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Sunday, August 3, 2014


You are perfect. 

Scared you there, didn’t I???  Who do you know, who isn’t a complete and total narcissist, who can accept a compliment well?  Honestly, most people glow, just light up when you say something nice to them, BUT most people also disagree with you either verbally or nonverbally in some way.  The rolling eyes, the little shake of the head, the “Who me?” rejoinder.  And that’s just if you say something like, “Nice haircut”. 

Now hear this:  YOU ARE PERFECT.  Most people will full-on recoil, eyes rolling in the back of the head exorcist-style and very likely you will hear the ever popular voice of Ziggy say, “Pobody’s Nerfect.”  Am I right, or am I right?  BTW, if you don’t know who Ziggy is…well, that is just sad.  I’m sorry.

As a teenager, I was obsessed with the short stories of Nathaniel Hawthorne (nerd alert!) and most specifically, “The Birth-Mark”.    Also:  Ziggy.  But first to discuss the Hawthorne…this totally awesome story is about a brilliant scientist who marries a radically hot woman described as physically “perfect” with one exception: a small red birthmark on her face in the shape of a hand. 

Apparently blinded by science, the husband has no problem with this birthmark until the day they walk down the aisle; then he becomes obsessed with it.  With its hideousness, of course!  He dreams of cutting off her cheek, he is literally repulsed by his scorching-babe-of-a-wife because of this one small perceived imperfection.  So the wife says—“Get rid of it!”  (I am paraphrasing here)—because her husband’s love and esteem mean everything to her, this small blemish nothing.  So he does!  And also…then she dies.  Wah.
So what are we to learn from this tale?  Perfection kills?  Men are shallow?  OR how about this:  it is our imperfections that make us perfect.  Huh?  Huh???  I say it again…it is those small quirks and oddities that distinguish us from every other person on the planet.  These are the things that make us US, the things that perfect our characters, redeem our souls.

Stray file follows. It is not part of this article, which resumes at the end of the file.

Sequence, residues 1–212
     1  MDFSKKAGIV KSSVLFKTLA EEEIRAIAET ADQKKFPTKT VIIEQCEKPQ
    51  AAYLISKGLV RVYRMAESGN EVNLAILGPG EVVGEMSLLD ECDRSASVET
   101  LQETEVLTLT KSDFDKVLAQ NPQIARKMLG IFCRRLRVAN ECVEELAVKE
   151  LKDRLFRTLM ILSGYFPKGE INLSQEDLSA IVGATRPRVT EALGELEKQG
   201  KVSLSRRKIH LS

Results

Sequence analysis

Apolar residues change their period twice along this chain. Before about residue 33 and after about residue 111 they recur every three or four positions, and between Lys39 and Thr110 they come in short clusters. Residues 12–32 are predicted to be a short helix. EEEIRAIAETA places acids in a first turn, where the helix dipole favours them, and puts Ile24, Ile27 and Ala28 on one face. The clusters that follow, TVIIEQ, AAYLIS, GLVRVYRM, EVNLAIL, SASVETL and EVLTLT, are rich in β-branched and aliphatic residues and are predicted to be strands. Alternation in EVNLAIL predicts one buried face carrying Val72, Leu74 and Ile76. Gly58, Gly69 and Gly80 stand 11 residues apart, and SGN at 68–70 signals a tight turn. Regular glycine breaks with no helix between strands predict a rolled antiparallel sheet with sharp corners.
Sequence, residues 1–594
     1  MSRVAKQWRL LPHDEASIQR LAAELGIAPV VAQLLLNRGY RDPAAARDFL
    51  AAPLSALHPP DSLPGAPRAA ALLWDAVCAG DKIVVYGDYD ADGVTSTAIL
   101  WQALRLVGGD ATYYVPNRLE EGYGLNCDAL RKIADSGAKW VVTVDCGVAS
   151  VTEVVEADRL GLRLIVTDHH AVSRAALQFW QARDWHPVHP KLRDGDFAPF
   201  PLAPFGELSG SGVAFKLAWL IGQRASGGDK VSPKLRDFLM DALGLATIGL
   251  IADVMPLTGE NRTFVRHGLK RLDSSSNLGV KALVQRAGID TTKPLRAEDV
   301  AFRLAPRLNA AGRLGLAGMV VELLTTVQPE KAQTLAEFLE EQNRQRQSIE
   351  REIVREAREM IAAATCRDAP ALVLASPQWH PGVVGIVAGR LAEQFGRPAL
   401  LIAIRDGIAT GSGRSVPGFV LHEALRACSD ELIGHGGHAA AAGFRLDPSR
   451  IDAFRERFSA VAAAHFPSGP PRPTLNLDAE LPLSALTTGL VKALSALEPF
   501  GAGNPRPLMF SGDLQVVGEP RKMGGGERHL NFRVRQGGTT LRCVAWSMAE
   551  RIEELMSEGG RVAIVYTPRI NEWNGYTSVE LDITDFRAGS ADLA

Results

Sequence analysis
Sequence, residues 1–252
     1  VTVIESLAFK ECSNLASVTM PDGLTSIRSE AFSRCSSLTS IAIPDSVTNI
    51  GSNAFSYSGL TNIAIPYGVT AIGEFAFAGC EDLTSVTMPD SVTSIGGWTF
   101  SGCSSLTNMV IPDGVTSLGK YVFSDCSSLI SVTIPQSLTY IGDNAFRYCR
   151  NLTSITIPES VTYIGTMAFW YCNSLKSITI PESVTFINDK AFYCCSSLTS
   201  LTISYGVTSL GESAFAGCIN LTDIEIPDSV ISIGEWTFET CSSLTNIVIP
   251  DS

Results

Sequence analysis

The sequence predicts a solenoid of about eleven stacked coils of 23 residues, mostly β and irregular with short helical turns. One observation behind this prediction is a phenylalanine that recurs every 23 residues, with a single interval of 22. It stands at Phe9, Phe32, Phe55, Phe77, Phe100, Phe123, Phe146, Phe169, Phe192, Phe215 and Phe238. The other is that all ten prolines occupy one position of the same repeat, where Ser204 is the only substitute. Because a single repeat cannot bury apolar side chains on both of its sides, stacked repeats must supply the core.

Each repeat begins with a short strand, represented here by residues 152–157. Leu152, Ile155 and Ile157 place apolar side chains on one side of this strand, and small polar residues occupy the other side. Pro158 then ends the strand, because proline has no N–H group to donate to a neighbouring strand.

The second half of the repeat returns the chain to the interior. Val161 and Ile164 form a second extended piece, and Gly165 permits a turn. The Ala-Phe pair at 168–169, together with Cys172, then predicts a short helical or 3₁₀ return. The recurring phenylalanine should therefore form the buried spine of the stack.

Every now and then you will hear about someone who gets hysterical regarding Barbie (not me) or Photoshop (that’s me) or some other arbiter of the unrealistic ideal that no one can ever achieve.  The bottom line of these arguments tends to be that pobody’s nerfect and these images (and dolls) confuse us and make us unhappy with WHO WE REALLY ARE.  But the real problem lies in the idea that who we are and how we are is somehow not right, never mind not good enough.  That we are intrinsically flawed.

Like the concept of original sin (sorry people who believe in this!)…there is an idea that the human creature is an imperfect vessel waiting to be perfected.  Whether through prayer, ritual or plastic surgery, our flaws need to be excised to make us pleasing in God’s (and Madison Avenue’s) eyes.  My response is this:  BULLSHIT. 

If God is All-Powerful, then why create flawed creatures who need to jump through hoops to please Him?  Why not use those super-powers to create already perfect beings?  Is this a game show?  Some kind of cosmic “Hunger Games” where we outlast, outwit and outplay each other for God’s favor?  Or are we beloved sons (and daughters) in whom God is well pleased?  Are “the very hairs on our heads numbered”?  You pick what works for you, but I choose the latter.  Every hair on your head is precious and correct in the eyes of everyone who understands why we are really here.  Especially the greys!
You are perfect.  Every scar, every scab, every heartbreak, every mistake…these are the things that make you who you are.  These are the things that have taught you invaluable lessons and given you invaluable wisdom.  Cellulite free legs may have “taught” you to wear a bathing suit without shame, but this is not exactly a world-changing stance.  A high metabolism may have “taught” you that Dunkin’ Donuts ROCKS!!!!  But that is not exactly a life affirming position.  Naturally bouncin’ and behavin’ hair may have “taught” you that every day is a good hair day, but has it taught you compassion, generosity or coping skills? 

Because the world is not perfect, but you are.  The world cannot comfort a grieving friend, soothe an inconsolable child or repair a broken relationship, but you can.  Your super-powers are born not from the ways you are perfect, but rather from the ways you have experienced your mistakes and “imperfections”.  You are not Barbie, you are not Gandhi, you are YOU; thank God for that!

Like the smokin’ hot wife in “The Birth-mark”, when you remove the (perceived) imperfections, you remove who you are.  You literally cease to exist.  You become Barbie, plastic and empty and INTERCHANGEABLE.  Human beings are like snowflakes, no two exactly alike. 

And do you not think this is by design?  By perfect design?  You fill a space that no one else can fill because your bumps and “flaws” and differences make your space unique and invaluable.  The next time you make a mistake, instead of thinking “What is wrong with me?”, realize that now something new is right with you—you have learned, you have grown, you have gained a coping position that you previously did not have.  Because the world is not perfect, but you are. 

And finally for Ziggy:  he isn’t actually the one who coined “Pobody’s nerfect.”  Ziggy was more of a “So what if everyone laughs at you?  You are making the world a happier place!” kind of guy.  You and your perfect imperfections are making the world a happier place for sure.


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